Rajoy Enacts Budget With Smallest Possible Majority

The Spanish prime minister gets this spending plan through Congress with the support of tiny regionalist parties.

Spanish prime minister Mariano Rajoy and members of his cabinet attend a session of parliament in Madrid, June 11, 2014
Spanish prime minister Mariano Rajoy and members of his cabinet attend a session of parliament in Madrid, June 11, 2014 (La Moncloa)

Spanish prime minister Mariano Rajoy has managed to get his budget through Congress with the smallest possible majority.

176 out of 350 deputies voted in favor of his spending plan.

The liberal Ciudadanos threw in their lot with Rajoy’s conservative People’s Party.

In doing so, they risk the ire of voters in their home state of Catalonia, where Rajoy is reviled for blocking an independence referendum.

But they ought to be thanked by center-right voters elsewhere. Had the Ciudadanos not backed Rajoy, Spain might have had to call snap elections, the third in as many years.

To put him over the top, Rajoy seduced small regionalist parties: the Christian democratic Basque Nationalist Party, the conservative Canaries Coalition and the center-left New Canaries. The three have seven seats in Congress between them.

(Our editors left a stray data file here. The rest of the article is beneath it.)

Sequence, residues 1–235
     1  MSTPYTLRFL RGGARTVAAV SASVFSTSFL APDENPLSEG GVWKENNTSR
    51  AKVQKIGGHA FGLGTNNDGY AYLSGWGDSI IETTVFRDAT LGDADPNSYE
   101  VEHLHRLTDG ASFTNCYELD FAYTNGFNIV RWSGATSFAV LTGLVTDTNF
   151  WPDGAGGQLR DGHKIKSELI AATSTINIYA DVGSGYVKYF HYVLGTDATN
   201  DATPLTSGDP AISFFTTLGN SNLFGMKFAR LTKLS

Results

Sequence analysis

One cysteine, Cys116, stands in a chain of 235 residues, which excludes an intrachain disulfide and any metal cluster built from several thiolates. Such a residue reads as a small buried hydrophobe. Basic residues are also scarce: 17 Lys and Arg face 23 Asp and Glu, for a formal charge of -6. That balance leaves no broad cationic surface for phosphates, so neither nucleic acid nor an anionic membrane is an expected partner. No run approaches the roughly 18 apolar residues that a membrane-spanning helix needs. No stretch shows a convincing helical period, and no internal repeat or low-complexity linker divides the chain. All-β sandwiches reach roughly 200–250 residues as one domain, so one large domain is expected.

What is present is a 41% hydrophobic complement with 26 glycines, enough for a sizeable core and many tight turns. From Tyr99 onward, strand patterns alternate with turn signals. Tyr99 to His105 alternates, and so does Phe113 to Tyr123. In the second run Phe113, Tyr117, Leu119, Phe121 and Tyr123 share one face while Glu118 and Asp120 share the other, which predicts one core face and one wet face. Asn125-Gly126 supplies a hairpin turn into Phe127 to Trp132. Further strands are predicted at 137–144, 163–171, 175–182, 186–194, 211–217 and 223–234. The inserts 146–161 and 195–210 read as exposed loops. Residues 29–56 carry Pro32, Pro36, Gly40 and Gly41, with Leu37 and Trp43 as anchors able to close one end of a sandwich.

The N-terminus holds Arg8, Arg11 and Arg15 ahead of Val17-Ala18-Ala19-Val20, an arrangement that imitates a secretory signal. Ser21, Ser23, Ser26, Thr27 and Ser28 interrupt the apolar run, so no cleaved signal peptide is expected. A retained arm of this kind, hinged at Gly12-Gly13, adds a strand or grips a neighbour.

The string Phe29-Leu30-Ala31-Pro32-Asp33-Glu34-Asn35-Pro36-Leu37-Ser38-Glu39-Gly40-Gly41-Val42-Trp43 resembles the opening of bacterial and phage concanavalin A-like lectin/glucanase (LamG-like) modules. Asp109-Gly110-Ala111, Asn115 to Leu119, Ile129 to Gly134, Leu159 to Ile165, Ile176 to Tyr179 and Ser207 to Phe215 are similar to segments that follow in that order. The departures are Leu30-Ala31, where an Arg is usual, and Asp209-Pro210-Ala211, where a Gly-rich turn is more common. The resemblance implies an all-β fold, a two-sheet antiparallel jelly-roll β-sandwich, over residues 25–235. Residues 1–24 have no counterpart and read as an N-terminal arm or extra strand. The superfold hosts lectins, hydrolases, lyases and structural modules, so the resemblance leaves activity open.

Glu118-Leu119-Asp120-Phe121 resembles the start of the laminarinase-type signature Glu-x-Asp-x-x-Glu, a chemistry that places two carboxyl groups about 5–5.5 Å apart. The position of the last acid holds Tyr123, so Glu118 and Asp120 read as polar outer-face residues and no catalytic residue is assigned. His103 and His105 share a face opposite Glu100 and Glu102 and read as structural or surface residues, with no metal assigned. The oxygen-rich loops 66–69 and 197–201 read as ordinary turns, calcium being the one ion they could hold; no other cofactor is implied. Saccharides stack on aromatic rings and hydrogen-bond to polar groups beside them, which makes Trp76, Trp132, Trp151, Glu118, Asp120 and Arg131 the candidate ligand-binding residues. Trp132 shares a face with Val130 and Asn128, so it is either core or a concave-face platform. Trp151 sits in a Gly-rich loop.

More forceful opposition

The far-left Podemos and separatist parties voted against the budget.

It wasn’t entirely certain the mainstream Socialists would too. They allowed Rajoy to stay in power last year by abstaining from his investiture — but only after moderates had forced out the party leader, Pedro Sánchez.

Sánchez got his revenge two weeks ago, when he won an internal leadership election. He promised to lead a more forceful opposition to Rajoy in a bid for left-wing voters. It looks like that started this week.

Deficit target

Rajoy’s budget barely meets the EU’s deficit target due to last-minute spending concessions, even though 2.5 percent growth has buoyed tax collection.

Among other things, the plan proposes to make 250,000 temp jobs in education and health care permanent and give all public-sector employees a 1 percent pay rise.